Myself and my partner David found out I was pregnant with our first baby on 7th August 2019. Never in my wildest dreams did I think I would ever be pregnant, give birth and bring up a newborn baby during a worldwide pandemic. Hearing how this virus was spreading like wildfire across the whole world filled us with fear. I remember feeling so overwhelmed and shocked and, I suppose, in disbelief at what was happening in the world. Our baby boy was due on 2nd April 2020. On 23rd March, I remember watching Boris Johnson on TV announcing a national lockdown. To say my heart sank was the ultimate understatement. All I could think of was, 'How will I give birth with all this going on?', 'When will I see my family again?', 'No one can come and see the baby'. The list of these questions goes on. But I couldn’t keep thinking of how bad the situation was. I knew the most important thing was delivering our baby boy safely and I had to be strong for him throughout all this madness. So that is exactly what I did.  Two days before I went into hospital to be induced, we found out the rules for partners being in hospitals had changed. No partners at all were allowed in the maternity wards. I couldn’t believe I had to go into hospital to have our first baby alone. Waving goodbye to David as he dropped me off with my bags was one of the most surreal things, knowing I wouldn’t see him until our son was coming.  As I got shown around the ward, it was so sad seeing mums scared in their beds, on Facetime to loved ones back safely in their homes. I got settled in feeling all the emotions you could think of. Excited, as I knew within the next day, I would be meeting my beautiful son, a moment I had dreamed about for what seemed like a lifetime. On the other hand, I was incredibly anxious knowing that there were Covid patients on a ward somewhere in the hospital. It began to freak me out and became too overwhelming. To be honest, I never liked hospitals. I’m not sure anyone does.  Midwives were in and out assessing me all through the night. I'd been on the phone to David constantly updating him on the situation. They decided to move me to another ward where I could be monitored closely. For over 12 hours now, I was having small contractions but nothing peaking. Our baby was too comfortable in there.  Being alone through all this without David by my side, like he has been with everything throughout the pregnancy, was honestly awful. I'm quite an anxious person when it comes to anything medical related so to not have his hand to hold or see his smile or even just reassure me everything was okay was horrible. With the midwives that looked after me, all I could see were eyes where the masks covered their mouths. It seemed like forever where I hadn’t seen a smile.  I remember waking up the next morning, wondering when things would get going. My heart rate monitor kept beeping for ages. Both mine and the baby’s heart rate was increasing and decreasing at a dangerous rate. I knew in the back of my mind I could end up giving birth to him via a c-section and in the end, it was the quickest and safest option. The midwives pressed an emergency button, and next thing I knew, I was being whisked off to the theatre to have an emergency c-section. To my relief, David had been called and was making his way to the hospital.  My anxiety levels were through the roof. I just wanted our baby to arrive safely. The emergency c-section was carried out and I can remember seeing our gorgeous little boy’s face for the very first time. That feeling was the most incredible feeling I have ever experienced. The baby boy we've been dreaming of was finally here. Charlie David Impey was born 13th April 2020 weighing 8lb 8oz.  I was so lucky to be in the care of the most incredible midwives and doctors. They were so fantastic I couldn’t thank them enough. Myself, David and Charlie spent the next 8 hours in recovery. Having David by my side was amazing and I felt so safe. I felt extremely lucky to have had recovered very well and was allowed home the following night.  Taking Charlie home was amazing, although very surreal. The streets were eerily quiet and felt like we shouldn’t be out. I could hardly walk but I was determined to get our baby son home safely.  Going home to an empty house, no family round, no friends round was weird. No one else to hug apart from each other. We were so strong, we had to be.  The first few weeks are a real blur, thinking back now. But of course it was the most special time just the three of us bonding as a new family together. We felt so lucky to have this time together, but all I wanted was our family around us to enjoy Charlie as a newborn.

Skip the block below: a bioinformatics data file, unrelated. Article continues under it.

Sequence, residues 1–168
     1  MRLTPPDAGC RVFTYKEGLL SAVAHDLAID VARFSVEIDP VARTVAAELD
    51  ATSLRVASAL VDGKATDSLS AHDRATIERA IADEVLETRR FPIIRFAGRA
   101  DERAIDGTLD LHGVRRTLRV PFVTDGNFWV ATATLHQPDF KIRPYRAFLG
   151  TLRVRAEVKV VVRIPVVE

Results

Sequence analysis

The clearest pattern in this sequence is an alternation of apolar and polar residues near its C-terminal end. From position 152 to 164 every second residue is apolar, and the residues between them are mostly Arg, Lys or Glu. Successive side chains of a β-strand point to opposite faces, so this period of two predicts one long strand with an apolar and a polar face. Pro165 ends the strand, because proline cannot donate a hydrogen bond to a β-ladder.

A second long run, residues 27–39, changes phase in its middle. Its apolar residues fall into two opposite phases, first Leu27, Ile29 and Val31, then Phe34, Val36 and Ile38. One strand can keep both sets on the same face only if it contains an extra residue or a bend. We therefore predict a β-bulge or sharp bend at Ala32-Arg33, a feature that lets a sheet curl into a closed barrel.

We had endless Facetime sessions with everyone. This is not the way I imagined showing our lovely baby boy off to family and friends, however of course it was the safest way.  Charlie is now 18 weeks old and he’s honestly amazing. He’s such a beautiful, happy baby and I'm so grateful he would have never known he missed out on those first newborn cuddles or what madness was going on in the world. Watching him grow and change everyday is beyond amazing. I’m so proud of myself and David for bringing up this lovely boy in the most uncertain times anyone has ever experienced.  One thing that will stay with me and will forever remind me of how strong I can be is the fact I spent the majority of my time in hospital alone, knowing the decisions I made for both me and Charlie were the right ones and I feel I can do anything now. That bond we have as a family already is amazing.  I will end this crazy reflection on what happened when I became a first time mum in lockdown just by saying how incredible the NHS staff really are. Every single member of staff I came across in hospital were absolutely amazing. To go to work everyday on the frontline scared and worried and putting themselves at risk. But it is their job and they are honestly all angels in my eyes.